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Eddie Cantor

 Eddie Cantor was an American illustrated song "model," comedian, dancer, singer, actor and songwriter. Familiar to Broadway, radio and early television audiences, this "Apostle of Pep" was regarded almost as a family member by millions because his top-rated radio shows revealed intimate stories and amusing anecdotes about his wife Ida and five daughters.

His eye-rolling song-and-dance routines eventually led to his nickname, Banjo Eyes, and in 1933, the artist Frederick J. Garner caricatured Cantor with large round and white eyes resembling the drum-like pot of a banjo. Cantor's eyes became his trademark, often exaggerated in illustrations, and leading to his appearance on Broadway in the musical Banjo Eyes (1941).

Cantor appeared on radio as early as February 3, 1922, as indicated by this news item from Connecticut's Bridgeport Telegram:

Local radio operators listened to one of the finest programs yet produced over the radiophone last night. The program of entertainment which included some of the stars of Broadway musical comedy and vaudeville was broadcast from the Newark, N. J. station WDY and the Pittsburgh station KDKA, both of the Westinghouse Electric and Manufacturing company. The Newark entertainment started at 7 o'clock: a children's half-hour of music and fairy stories; Hawaiian airs and violin solo; 8:00, news of the day; and at 8:20 a radio party with nationally known comedians participating; 9:55, Arlington time signals and 10:01, a government weather report. G. E. Nothnagle, who conducts a radiophone station at his home 176 Waldemere Avenue said last night that he was delighted with the program, especially with the numbers sung by Eddie Cantor. The weather conditions are excellent for receiving, he continued, the tone and the quality of the messages was fine.

 Cantor's appearance with Rudy Vallee on Vallee's The Fleischmann's Yeast Hour February 5, 1931 led to a four-week tryout with NBC's The Chase and Sanborn Hour. Replacing Maurice Chevalier, who was returning to Paris, Cantor joined The Chase and Sanborn Hour on September 13, 1931. This hour-long Sunday evening variety series teamed Cantor with announcer Jimmy Wallington and violinist Dave Rubinoff. The show established Cantor as a leading comedian, and his scriptwriter, David Freedman, as “the Captain of Comedy.” Cantor soon became the world's highest-paid radio star. His shows began with a crowd chanting, "We want Can-tor, We want Can-tor," a phrase said to have originated when a vaudeville audience chanted to chase off an opening act on the bill before Cantor. Cantor's theme song was his own lyric to the Leo Robin/Richard Whiting song, "One Hour with You."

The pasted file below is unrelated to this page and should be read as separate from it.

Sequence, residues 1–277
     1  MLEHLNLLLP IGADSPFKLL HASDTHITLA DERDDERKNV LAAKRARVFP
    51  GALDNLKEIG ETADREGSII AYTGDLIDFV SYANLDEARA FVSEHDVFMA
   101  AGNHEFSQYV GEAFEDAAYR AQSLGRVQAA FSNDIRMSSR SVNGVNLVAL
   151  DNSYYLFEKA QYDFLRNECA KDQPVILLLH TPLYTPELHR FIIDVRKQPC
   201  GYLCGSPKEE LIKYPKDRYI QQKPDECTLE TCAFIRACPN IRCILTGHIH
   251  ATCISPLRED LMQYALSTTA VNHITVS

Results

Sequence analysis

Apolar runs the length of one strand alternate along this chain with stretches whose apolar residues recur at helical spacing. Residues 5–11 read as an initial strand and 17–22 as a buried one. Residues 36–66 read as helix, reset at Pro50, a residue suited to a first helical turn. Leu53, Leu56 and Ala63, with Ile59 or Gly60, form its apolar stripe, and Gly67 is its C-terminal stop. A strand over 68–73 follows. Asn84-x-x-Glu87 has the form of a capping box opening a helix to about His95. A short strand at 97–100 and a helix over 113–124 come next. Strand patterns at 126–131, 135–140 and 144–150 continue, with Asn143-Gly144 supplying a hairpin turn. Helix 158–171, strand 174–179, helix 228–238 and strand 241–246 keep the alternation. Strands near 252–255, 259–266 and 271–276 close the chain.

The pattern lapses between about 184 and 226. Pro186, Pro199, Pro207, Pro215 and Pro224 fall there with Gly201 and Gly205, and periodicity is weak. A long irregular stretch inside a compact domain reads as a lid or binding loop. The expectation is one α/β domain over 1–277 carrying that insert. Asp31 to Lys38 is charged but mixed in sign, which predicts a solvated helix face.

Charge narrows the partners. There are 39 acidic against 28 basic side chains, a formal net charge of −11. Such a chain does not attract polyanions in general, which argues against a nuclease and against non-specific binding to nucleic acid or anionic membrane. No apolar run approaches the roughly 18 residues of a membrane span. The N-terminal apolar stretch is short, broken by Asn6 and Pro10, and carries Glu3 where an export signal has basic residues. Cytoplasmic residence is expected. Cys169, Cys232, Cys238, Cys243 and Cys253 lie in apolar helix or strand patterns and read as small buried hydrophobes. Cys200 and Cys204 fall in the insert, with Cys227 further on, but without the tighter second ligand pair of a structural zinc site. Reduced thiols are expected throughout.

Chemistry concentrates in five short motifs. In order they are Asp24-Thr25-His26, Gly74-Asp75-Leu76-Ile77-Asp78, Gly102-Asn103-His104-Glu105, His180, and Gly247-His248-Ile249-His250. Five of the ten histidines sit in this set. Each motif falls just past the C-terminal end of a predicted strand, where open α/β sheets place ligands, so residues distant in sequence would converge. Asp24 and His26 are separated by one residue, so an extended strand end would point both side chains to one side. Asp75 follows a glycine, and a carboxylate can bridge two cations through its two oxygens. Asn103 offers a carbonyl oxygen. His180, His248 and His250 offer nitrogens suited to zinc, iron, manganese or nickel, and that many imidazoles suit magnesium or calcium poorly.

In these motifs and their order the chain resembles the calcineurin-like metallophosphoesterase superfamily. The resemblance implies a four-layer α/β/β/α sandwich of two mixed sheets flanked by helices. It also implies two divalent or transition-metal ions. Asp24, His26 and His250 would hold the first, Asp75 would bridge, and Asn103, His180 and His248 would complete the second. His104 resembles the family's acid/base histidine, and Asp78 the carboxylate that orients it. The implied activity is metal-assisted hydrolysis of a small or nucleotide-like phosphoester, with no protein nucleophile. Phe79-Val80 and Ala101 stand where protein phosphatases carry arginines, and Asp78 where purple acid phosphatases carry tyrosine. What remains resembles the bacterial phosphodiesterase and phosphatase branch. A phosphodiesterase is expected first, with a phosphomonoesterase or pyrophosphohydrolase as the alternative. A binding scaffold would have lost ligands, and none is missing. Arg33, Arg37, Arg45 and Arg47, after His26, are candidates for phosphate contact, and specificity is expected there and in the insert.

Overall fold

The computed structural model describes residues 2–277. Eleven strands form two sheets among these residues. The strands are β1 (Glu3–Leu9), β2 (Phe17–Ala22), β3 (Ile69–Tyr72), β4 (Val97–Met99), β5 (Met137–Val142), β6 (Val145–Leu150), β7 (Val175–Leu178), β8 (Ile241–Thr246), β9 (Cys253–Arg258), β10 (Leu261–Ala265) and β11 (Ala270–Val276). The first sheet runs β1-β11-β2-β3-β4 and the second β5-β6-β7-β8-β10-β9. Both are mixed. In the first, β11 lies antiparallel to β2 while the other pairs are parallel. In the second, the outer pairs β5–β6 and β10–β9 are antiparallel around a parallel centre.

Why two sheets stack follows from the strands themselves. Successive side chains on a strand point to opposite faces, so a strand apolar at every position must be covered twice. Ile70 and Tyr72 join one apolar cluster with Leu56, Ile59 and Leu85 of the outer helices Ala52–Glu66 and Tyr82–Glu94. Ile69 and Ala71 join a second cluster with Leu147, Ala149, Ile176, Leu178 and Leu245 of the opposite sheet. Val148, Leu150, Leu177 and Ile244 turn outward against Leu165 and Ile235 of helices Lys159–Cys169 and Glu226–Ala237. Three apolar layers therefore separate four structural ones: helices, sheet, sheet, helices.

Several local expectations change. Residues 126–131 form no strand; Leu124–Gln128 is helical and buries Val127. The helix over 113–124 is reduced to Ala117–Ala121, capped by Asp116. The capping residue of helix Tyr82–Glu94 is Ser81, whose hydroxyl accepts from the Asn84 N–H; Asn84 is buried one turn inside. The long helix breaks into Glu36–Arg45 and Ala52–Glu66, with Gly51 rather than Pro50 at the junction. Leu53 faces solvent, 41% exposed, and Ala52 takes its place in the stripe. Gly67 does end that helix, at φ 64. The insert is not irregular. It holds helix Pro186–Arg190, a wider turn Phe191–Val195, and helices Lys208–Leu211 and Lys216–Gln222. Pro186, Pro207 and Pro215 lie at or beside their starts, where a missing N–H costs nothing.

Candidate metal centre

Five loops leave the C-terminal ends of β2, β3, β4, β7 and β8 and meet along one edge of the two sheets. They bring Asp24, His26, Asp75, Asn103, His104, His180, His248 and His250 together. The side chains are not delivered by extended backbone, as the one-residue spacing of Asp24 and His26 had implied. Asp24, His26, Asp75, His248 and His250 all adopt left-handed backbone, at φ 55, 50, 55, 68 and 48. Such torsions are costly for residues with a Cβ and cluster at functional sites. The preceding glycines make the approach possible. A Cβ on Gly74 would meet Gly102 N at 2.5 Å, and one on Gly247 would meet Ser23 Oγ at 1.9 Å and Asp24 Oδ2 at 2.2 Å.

Indicative of his effect on the mass audience, he agreed in November 1934 to introduce a new song by the songwriters J. Fred Coots and Haven Gillespie that other well-known artists had rejected as being "silly" and "childish." The song, "Santa Claus Is Coming to Town", immediately had orders for 100,000 copies of sheet music the next day. It sold 400,000 copies by Christmas of that year.

His NBC radio show, Time to Smile, was broadcast from 1940 to 1946, followed by his Pabst Blue Ribbon Show from 1946 through 1949. He also served as emcee of The $64 Question during 1949-'50, and hosted a weekly disc jockey program for Philip Morris during the 1952-'53 season. In addition to film and radio, Cantor recorded for Hit of the Week Records, then again for Columbia, for Banner and Decca and various small labels.

His heavy political involvement began early in his career, including his participation in the strike to form Actors Equity in 1919, provoking the anger of father figure and producer, Florenz Ziegfeld. He was the second president of the Screen Actors Guild.

In 1939, at the World's Fair, Cantor publicly denounced Father Charles Coughlin and was dropped by his sponsor, Camel cigarettes. A year and a half later it was his friend Jack Benny who was able to get him back on the air.

Episode Title [Total of: 129]CategoryRating
1 - Eddie Cantor - How Eddie and Al Jolson Got Started
Episode date: 1947-3-6
People
2 - Eddie Cantor -
Episode date: 1935-4-14
People
3 - Eddie Cantor - 20 Years In Radio Ep.28
Episode date: 1945-4-11
People
4 - Eddie Cantor - Adoption Ep.25
Episode date: 1945-3-21
People
5 - Eddie Cantor - Alan Ladd
Episode date: 1944-11-22
People
6 - Eddie Cantor - Amature Hour
Episode date: 1936-10-11
People
7 - Eddie Cantor - Andrews Sisters
Episode date: 1945-1-10
People
8 - Eddie Cantor - April Fools
Episode date: 1934-4-1
People
9 - Eddie Cantor - Army Intelligence Ep.22
Episode date: 1945-2-28
People
10 - Eddie Cantor - Audie Murphy
Episode date: 1947-11-13
People

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